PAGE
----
7 facts you need to know about taxi rides in Madagascar
Once you’re tired of walking around a city, as a tourist, you may be tempted to have a taxi-ride… So let’s try to give you some tips in order to make it a memorable and funny ride
The following isn’t about the”agreed” taxis parking outside big hotels and at the airport , we’re talking here about the usual ones that you can hire just by putting your thumbs up.
Fact One: we don’t have mercedes taxi cabs …
Used to ride the well-maintained 5 years-old-max air-conditioned cab? Well, be prepared to a drastic change over here The old-plain 1970’s 2CV or 4L will try to get you to the destination If not, you will generally find other 20 year old-vehicle where a screwdriver can be used as a mean to block the mirror from falling. If you are lucky, the cab may have some kind of radio hardly trying to air some malagasy music. For those who have no clue what a 2CV is, look at this thumbnail image on the left, it’s the first vehicle…Frankly speaking, 2CVs are not for those who want some kind of comfort during the ride, especially if you are tall. But it’s definitely worth a ride if you want to have a different sensation during your ride: plain-simple vehicle that hardly can climb Antananarivo’s hills and that is noisy when it comes to driving through some stone-paved roads (so do other taxi models too however …) It’s really hard hearing your ear-plugged mp3 player when driving through those stone-paved roads with most of the taxis by the way.
Fact two: they might not know exactly where you want to go
As surprising as it may be, I’ve found many taxi-drivers who don’t actually know where you’re asking them to drive you , and frankly speaking, unless you’ve written the name of the place you want to go to, your accent trying to correctly spell the name won’t help
If you’re in Antananarivo, although streets have names, don’t even try to refer to the place you want to go by the street names – very few taxi-drivers care about them (and citizens usually don’t too). They usually refer to a symbolic place- so you’re better off saying something like “next to ” than “rue Rapatsalahy Paul”…Moreover, the name of the street becomes a torture to pronounce when they are assigned a malagasy name Referring to street names in cities like Antsiranana may work though.
Fact three: On change and paying
In most cities, you won’t be charged on a per-mile basis. Unless you are in cities like Mahajanga or Antsirabe where taxi-fares are structured on a zone-basis (so you don’t bargain anymore), taxi-drivers establish their prices assuming different criteria (traffic-jam potential, fuel price, the place you want to go to or its surroundings and your “profile”). In cities like Antananarivo, they usually don’t go lower than 20% higher than the price of 1 litre of fuel per short ride. But given the fact that you are a tourist, you can expect that the price that they will announce will be at least twice the regular price. One rule-of-thumb: you’ve got to bargain (unless in cities where fee-structure are already defined as mentioned earlier)
Now that you’ve agreed on the price, not only will most of the taxi-drivers stop-by a gas-station during your ride, but they will ask you to pay for the fuel-refill I just remember a foreign friend who had his eyes rolling out of his glasses when he found out that I gave the money to pay the fuel-refill. The fact is that the majority of taxi-drivers only has the minimum fuel in their tank to get them to the next gas-station.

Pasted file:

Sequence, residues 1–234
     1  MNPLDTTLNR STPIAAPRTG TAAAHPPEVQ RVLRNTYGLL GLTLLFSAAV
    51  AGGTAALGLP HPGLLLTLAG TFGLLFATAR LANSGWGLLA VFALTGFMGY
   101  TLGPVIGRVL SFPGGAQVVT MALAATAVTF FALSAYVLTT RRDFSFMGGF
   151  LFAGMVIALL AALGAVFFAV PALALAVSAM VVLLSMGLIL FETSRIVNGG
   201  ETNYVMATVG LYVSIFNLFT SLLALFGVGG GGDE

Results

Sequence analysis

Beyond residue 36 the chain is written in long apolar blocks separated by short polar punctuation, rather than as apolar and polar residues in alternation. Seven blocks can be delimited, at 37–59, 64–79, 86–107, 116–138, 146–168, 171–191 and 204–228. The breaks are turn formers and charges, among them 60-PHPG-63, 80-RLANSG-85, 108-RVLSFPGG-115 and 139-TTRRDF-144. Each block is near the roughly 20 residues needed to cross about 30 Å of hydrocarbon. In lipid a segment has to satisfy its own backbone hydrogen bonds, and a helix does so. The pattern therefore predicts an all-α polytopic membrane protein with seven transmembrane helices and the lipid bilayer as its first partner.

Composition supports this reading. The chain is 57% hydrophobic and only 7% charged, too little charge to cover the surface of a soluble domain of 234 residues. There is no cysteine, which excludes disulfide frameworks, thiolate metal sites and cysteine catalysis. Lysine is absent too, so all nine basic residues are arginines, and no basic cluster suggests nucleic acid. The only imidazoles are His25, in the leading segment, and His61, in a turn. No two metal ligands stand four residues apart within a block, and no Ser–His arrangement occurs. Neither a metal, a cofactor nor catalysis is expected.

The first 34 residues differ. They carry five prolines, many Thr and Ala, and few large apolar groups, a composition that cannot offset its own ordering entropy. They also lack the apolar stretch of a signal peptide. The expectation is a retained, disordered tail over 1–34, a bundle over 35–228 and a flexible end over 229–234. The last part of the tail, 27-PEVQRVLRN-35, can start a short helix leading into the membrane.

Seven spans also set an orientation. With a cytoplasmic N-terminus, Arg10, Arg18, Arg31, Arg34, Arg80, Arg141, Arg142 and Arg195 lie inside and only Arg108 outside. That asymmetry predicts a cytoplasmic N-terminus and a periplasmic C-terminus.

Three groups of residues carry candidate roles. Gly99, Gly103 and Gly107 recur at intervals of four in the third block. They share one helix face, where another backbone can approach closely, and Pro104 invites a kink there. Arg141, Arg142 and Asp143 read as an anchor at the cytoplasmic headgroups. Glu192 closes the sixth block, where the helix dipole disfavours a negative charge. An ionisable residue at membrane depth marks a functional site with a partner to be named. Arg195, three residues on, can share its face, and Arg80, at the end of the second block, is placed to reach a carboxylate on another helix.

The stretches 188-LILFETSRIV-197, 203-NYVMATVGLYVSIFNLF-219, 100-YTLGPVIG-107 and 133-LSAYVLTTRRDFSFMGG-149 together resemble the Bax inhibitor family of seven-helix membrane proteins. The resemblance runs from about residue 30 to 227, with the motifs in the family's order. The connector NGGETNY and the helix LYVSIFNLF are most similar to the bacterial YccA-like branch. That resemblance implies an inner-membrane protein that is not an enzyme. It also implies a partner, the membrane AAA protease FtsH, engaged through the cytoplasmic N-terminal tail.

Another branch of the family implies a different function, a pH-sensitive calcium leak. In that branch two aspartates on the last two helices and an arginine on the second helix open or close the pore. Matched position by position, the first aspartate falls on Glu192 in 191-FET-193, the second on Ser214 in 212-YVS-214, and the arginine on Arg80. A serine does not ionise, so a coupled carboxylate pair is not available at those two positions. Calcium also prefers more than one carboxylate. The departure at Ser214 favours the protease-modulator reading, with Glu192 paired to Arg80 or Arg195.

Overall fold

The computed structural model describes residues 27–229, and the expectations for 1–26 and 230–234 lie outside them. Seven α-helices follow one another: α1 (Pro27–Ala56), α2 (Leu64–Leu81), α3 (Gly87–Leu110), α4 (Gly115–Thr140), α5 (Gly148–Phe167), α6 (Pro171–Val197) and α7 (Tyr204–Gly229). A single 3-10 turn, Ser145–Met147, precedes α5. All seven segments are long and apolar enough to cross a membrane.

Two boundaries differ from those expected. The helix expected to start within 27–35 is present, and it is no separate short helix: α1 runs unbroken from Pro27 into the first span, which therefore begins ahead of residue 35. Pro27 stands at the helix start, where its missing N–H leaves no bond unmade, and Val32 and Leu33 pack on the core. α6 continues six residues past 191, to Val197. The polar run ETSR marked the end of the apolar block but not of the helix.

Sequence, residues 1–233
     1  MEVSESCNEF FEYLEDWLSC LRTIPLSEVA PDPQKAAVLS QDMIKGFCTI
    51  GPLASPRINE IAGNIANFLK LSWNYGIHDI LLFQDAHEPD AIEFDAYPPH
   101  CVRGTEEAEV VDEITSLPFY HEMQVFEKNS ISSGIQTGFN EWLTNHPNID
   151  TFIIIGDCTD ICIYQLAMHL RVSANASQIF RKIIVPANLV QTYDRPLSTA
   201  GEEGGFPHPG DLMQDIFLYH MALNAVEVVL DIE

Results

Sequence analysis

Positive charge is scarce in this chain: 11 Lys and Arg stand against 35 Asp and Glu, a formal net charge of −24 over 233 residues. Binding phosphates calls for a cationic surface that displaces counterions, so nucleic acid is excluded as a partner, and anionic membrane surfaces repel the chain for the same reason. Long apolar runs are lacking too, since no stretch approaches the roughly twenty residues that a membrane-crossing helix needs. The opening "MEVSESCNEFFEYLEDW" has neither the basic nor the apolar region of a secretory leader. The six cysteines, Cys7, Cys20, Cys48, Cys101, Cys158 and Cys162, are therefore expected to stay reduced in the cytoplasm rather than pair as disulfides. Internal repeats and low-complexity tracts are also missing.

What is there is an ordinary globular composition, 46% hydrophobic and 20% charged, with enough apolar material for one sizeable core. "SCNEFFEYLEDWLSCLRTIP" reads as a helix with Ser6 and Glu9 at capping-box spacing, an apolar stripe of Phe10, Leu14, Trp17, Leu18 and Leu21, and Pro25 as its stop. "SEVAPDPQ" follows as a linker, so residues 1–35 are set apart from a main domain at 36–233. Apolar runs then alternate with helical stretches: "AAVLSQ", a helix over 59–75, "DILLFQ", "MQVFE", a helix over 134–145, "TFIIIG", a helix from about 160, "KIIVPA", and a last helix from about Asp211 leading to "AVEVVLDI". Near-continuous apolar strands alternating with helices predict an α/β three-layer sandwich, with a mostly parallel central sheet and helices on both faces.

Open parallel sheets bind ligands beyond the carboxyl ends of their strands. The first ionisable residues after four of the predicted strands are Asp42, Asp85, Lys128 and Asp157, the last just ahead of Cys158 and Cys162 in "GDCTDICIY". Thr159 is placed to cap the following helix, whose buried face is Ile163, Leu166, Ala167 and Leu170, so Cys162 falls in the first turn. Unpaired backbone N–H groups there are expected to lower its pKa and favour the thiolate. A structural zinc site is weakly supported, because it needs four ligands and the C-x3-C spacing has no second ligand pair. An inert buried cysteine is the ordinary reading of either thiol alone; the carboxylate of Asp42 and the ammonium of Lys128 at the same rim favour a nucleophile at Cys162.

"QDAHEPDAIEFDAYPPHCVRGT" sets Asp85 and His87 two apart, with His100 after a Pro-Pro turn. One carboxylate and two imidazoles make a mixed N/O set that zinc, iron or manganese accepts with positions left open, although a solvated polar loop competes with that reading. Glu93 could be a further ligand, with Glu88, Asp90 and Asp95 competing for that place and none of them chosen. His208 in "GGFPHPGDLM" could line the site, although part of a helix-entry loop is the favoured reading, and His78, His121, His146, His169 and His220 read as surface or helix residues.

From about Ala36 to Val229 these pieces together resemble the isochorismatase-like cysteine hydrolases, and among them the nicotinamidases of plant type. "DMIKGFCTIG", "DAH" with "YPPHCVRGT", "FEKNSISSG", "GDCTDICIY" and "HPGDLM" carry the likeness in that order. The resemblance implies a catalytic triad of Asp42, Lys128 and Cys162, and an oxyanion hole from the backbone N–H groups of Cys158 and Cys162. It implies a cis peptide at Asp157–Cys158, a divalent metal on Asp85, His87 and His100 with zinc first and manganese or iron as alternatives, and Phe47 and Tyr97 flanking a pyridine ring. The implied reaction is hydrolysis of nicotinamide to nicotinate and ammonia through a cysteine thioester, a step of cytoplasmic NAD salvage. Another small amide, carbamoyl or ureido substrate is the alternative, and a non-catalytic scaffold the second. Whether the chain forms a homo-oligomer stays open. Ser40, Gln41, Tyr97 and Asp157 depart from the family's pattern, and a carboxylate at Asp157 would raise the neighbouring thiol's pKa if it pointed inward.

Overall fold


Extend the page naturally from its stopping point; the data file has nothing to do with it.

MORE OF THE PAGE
Fact four: Comfort and security is not the priority
We’ve already talked about the special use of the screwdriver, but as a general assumption, most taxi you’ll ride will not give you the best comfort you’re used to when riding a car (remember, those are usually 20 years old cars). This is where the fun comes as you can find a taxidriver who pretend to have his seat-belt on his chest while it is not tightened to anything below (he just want to fool the policeman as safety belt is mandatory for any car driver in antananarivo), you can also get into some taxi that has holes on their floor so that you can see the road scrolling between your legs, … and the list goes on …
As a rule of thumb, don’t you even lean on any taxi door during the ride.
Fact five: Communicating with the taxi-driver
Often times, your taxi-driver will be able to have small discussions with you, provided that you speak … french or in Malagasy
Fact six: We don’t have a Taxi-company
None of the taxi running in town are affiliated to a company, or an association. Most of them are owned or rented by their driver- they only have to possess a taxi-license given by the authorities. So concepts like “phone a taxi” usually don’t exist here (unless you personally have been given a taxidriver’s mobile phone number to call). Big hotels may have some “accredited” taxis that usually work with them, however, don’t expect to settle taxi fares to your hotel room.
Fact seven: being on a taxi sometimes doesn’t mean you’ll be the only customer inside
In cities like antsiranana (AKA Diego Suarez), it’s common to see a taxi full of people. When you were used to ride a taxi alone (or two persons at max) in the backseat, in this city, you can find a 4L with 8 or more people inside … Guess how this all fit together
Sounds scary? It’s not. I’m just trying to unstick you from your usual habits of hiring a cab attitudes you’ve acquired while you were in your hometown. The best way to handle this is to ask someone from your hotel to hire the cab for you, and if you are on your way back to your hotel, most taximen know where all the hotels are. Don’t worry, we don’t have highways in Madagascar, and most taxi drive below 40km/h (carefully chose however your taxi that will drive you to the airport as they may go over this 40km/h)
Other people will probably add to this list of 7 facts… Jump to the comment section and add yours.